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To Pray In my Native Tongue - New Orleans, La.

To Pray In my Native Tongue explores New Orleans enduring African spiritual practices rooted in Yoruba, Voodoo, Mardi Gras Indian culture and music. Explore the African spiritually of a city which never really lost the connection to many aspects of African ancestral culture. A city of Africans on the Mississippi.


Africans on the Mississippi


     Cuttin” Cane is an award-winning short film about Donaldsonville, Louisiana. An episodic glimpse of the five-part docuseries, Africans on the Mississippi, Donaldsonville is one of the numerous communities created by the plantation system which flourished along the Mississippi River. The plantations are long gone but the descendants remain with fascinating stories to tell.


     Cuttin’ Cane invites viewers inside a story circle conversation with community elders, gathered at the River Road African American Museum to share memories of life growing up and living in plantation country. This in-depth conversation is joined by RRAAM Interim Director Darryl Hambrick providing in-depth historical context while director/photographer, Christine Brown, captures intimate on-location interviews, together with sweeping panoramic drone footage of sugar cane fields and surrounding areas.


     Cuttin” Cane has won the IndieFest Film Awards as well as selected for the Hollywood South Urban Film Festival, Golden Short Film Festival and The Black Panther Film Festival.

LearningTree Productions Presents Africans on the Mississippi


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Africans on the Mississippi

Africans on the Mississippi 

Africans on the Mississippi explores the fascinating African American connection to water as well as the lasting impact of the music, culture, spirituality and historical genealogical track directly connecting the Gambia and Senegal to the African people who worked and died on Mississippi River plantations that Nichole Hannah-Jones in The 1619 Project described as “..forced labor camps.”

Descendants of Africans currently living on the Mississippi River have fascinating historical and cultural connections through the numerous communities created by the hundreds of plantations that once prospered along the river. The plantations are long gone but descendants of the people who labored there, remain. Africans on the Mississippi tells their stories.


To Pray In my Native Tongue - New Orleans, La.

African ancestorial spiritual practices are the foundation of New Orleans culture which is deeply rooted in ancestral traditions that survived, despite slavery. Meet practitioners of traditional African religions, which has seen a rise in new initiates seeking to reconnect with their African ancestry through Voudon, Yoruba, and traditional African religious practices. To Pray in My Native Tongue explores the critical role of Congo Square in maintaining those traditions.  Viewers will gain a deeper understanding of Mardi Gras Indian culture, food and music foundationally connected to Africa as we explore the spirituality of the most African city in North America.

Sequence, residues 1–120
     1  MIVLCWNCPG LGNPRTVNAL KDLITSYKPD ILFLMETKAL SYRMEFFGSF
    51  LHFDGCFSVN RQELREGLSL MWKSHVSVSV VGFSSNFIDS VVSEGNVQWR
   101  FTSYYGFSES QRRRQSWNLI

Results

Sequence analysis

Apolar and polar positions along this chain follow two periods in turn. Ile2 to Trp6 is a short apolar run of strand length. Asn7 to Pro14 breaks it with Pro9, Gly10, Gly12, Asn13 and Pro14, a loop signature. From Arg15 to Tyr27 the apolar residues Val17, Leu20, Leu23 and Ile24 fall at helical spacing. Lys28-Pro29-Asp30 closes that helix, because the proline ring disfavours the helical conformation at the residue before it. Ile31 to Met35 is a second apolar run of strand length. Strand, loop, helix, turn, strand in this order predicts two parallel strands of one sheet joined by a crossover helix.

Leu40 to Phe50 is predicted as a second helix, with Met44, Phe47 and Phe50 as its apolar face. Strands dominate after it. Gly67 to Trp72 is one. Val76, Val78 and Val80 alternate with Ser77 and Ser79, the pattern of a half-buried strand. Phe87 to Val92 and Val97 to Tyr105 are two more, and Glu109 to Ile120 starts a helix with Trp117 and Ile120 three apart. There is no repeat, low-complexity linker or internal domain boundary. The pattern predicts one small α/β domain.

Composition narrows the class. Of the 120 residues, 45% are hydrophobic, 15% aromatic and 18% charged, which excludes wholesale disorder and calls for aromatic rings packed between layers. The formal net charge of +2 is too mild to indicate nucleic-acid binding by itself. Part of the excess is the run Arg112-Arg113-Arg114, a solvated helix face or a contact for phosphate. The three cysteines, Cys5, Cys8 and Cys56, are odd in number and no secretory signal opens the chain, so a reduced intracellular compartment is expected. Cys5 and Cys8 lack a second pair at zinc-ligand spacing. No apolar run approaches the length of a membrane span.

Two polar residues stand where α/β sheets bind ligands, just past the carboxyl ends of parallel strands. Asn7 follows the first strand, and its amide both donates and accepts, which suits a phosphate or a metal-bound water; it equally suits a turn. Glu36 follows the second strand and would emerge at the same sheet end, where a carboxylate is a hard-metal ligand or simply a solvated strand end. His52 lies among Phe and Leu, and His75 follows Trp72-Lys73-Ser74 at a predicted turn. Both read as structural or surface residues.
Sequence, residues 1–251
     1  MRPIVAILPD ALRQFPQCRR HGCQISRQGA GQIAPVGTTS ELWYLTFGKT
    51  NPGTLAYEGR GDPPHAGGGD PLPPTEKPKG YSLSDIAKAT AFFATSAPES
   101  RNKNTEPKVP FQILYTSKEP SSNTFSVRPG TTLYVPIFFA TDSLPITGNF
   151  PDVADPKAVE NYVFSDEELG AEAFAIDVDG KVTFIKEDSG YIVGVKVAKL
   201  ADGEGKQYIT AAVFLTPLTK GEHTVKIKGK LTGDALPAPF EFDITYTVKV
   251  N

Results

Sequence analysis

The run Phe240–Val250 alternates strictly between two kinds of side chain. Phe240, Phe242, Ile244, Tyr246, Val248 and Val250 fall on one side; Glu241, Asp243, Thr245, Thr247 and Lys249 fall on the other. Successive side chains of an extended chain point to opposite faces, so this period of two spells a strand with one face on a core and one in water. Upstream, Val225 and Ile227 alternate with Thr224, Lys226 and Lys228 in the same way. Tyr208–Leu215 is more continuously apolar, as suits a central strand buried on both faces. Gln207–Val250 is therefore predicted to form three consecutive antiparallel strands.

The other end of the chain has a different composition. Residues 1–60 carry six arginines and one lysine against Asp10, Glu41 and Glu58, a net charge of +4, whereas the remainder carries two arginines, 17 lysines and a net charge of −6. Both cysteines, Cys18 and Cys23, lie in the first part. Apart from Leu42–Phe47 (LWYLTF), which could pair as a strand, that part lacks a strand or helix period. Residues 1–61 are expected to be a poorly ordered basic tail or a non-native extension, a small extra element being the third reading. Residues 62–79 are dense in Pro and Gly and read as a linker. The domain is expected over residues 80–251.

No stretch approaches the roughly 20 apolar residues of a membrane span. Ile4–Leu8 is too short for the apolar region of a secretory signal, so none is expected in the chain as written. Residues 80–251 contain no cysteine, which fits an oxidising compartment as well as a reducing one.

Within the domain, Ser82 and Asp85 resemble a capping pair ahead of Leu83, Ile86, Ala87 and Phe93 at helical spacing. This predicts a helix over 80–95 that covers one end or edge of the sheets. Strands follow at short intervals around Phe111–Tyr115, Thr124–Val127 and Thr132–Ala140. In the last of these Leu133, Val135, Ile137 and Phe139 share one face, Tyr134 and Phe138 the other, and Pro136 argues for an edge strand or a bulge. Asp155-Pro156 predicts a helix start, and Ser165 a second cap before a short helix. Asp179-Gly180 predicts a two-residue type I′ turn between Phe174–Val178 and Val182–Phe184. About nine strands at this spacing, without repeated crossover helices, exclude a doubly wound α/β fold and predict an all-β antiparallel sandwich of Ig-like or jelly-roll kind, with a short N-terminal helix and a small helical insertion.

The Mississippi River Road

Traveling the Mississippi River Road is like entering a time capsule, connecting dozens of communities created by the hundreds of plantations that once flourished along this river. The plantations are long gone but the rich culture that left an indelible imprint on America and the world, remain. Africans on the Mississippi, documenting stories of the Mississippi River Road.


Forks in the Road - Natchez, Mississippi

Natchez was once the wealthiest cities in North America primarily due to “Forks in the Road”, the location of one of the largest markets for buying and selling of stolen African people. Natchez is a treasure trove of manumission papers, photographs, documents, and oral histories preserved by families, both Black and White who are connected yet separated by skin color. Memories buried deep in a culture unsure of how to address the truths of who they are. The story of Natchez, Mississippi longs to be told as Africans on the Mississippi again takes the viewer straight through to the thing itself. 


Orange Mound - Memphis, Tennessee

Following the 1862 Union takeover of the city, Memphis became predominantly populated by enslaved people fleeing plantations to join the Union Army. In 1866 a “race riot” fueled by Irish policemen and angry whites, killed forty-six Blacks. Following the Civil War, newly freed people established Orange Mound as the first community built solely for and by Africans Americans. By 1970, Orange Mound became the largest Black community outside of Harlem, New York. Memphis was also home to journalist Ida B. Wells one of the most powerful and influential African Americans of the nineteenth century and birthplace of the Church of God in Christ founded by African American Bishop C.H. Mason which grew to become the fifth largest Christian denomination. Africans on The Mississippi explores the rich history of Bluff City.


The Return – Balanta People of Guinea Bissau, Gambia & Senegal, West Africa

This final episode brings our series full circle with an African American family meeting their Balanta family. On African soil. We explore tribal connections, interview historians about generational links to ancestors lost to the Mississippi River. Travel with us as we pay homage to the stolen people held in prisons built on James Island and Goree Islands prior to being forced into the holds of slave ships.


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